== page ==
This is Science Today. A new study has found ergonomically
correct tools - such as computer keyboards - benefit
workers a little later than previously thought. David
Rempel, the director of the University of California's
Ergonomics Program, says this study, which was done
in connection with researchers at the Lawrence Livermore
National Laboratory, concluded that people using such
tools shouldn't decide whether they work based on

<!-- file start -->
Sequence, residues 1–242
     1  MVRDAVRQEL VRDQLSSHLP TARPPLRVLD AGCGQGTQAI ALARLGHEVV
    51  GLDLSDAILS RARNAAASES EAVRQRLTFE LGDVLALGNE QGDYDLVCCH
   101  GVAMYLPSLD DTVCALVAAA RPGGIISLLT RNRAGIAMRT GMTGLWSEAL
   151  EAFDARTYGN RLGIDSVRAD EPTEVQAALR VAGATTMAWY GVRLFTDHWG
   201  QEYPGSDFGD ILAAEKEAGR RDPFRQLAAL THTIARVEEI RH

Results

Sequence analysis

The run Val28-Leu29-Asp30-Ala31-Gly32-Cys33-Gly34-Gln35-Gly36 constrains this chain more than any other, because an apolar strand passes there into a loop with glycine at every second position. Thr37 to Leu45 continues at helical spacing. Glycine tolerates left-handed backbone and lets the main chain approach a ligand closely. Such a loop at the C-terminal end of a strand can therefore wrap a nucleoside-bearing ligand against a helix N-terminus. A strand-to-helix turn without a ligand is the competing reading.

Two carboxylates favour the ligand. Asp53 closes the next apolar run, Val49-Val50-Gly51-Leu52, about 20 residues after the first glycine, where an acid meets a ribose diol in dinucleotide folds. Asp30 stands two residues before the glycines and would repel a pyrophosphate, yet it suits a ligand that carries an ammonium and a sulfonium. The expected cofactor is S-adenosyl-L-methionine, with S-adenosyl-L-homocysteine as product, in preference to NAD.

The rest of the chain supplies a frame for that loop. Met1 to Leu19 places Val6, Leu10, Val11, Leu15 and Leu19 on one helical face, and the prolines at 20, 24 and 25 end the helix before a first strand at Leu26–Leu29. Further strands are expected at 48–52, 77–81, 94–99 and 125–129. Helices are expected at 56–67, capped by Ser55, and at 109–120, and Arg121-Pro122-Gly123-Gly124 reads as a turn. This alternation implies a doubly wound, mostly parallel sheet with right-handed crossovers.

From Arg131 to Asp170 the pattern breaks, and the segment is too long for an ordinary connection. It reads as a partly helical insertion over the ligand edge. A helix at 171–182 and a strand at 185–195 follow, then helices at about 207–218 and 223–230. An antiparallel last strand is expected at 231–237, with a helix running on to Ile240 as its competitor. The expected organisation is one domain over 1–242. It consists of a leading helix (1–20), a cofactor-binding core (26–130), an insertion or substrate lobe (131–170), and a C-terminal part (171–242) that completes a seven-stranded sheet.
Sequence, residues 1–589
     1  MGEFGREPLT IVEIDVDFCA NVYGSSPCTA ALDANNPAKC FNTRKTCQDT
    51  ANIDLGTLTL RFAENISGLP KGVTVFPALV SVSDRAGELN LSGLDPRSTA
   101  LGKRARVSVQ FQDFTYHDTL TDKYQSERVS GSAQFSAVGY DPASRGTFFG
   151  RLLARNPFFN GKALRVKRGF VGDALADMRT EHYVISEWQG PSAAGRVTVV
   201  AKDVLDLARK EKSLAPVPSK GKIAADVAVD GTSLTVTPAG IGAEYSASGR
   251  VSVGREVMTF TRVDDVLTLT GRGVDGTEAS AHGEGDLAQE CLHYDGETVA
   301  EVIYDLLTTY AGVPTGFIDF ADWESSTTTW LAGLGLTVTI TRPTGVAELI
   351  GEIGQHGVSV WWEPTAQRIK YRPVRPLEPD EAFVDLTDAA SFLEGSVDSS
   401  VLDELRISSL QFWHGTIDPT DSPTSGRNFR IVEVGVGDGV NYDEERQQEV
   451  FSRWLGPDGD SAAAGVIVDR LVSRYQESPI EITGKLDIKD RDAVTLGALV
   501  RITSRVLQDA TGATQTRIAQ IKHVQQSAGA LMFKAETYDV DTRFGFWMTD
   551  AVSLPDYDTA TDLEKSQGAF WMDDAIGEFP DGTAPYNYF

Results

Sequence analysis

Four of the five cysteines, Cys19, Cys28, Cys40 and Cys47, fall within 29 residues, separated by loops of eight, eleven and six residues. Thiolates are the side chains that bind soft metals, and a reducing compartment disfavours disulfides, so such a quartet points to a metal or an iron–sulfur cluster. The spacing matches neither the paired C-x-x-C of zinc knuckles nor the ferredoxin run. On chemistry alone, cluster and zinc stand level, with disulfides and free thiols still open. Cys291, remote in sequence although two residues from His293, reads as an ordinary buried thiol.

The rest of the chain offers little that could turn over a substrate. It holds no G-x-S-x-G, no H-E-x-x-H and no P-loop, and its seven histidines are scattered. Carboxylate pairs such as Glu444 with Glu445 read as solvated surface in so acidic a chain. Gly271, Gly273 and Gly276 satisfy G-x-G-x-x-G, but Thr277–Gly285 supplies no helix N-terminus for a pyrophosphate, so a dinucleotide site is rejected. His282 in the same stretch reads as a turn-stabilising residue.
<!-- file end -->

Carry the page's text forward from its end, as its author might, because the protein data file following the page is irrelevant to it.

Rempel: The value of a study like this is,
for the first time it looks like a relatively simple
intervention - making a small change in the keyboard
which doesn't significantly impact the cost of the
keyboard - might have some health value.
Narrator: While their work did find ergonomically
correct keyboards very beneficial, Rempel recommends
other activities as well.
Rempel: Limit the number of hours on the computer,
make sure they're adequate work breaks and make sure
that the whole workstation is set up properly for
the person's body size.
Narrator: For Science Today, I'm Larissa Branin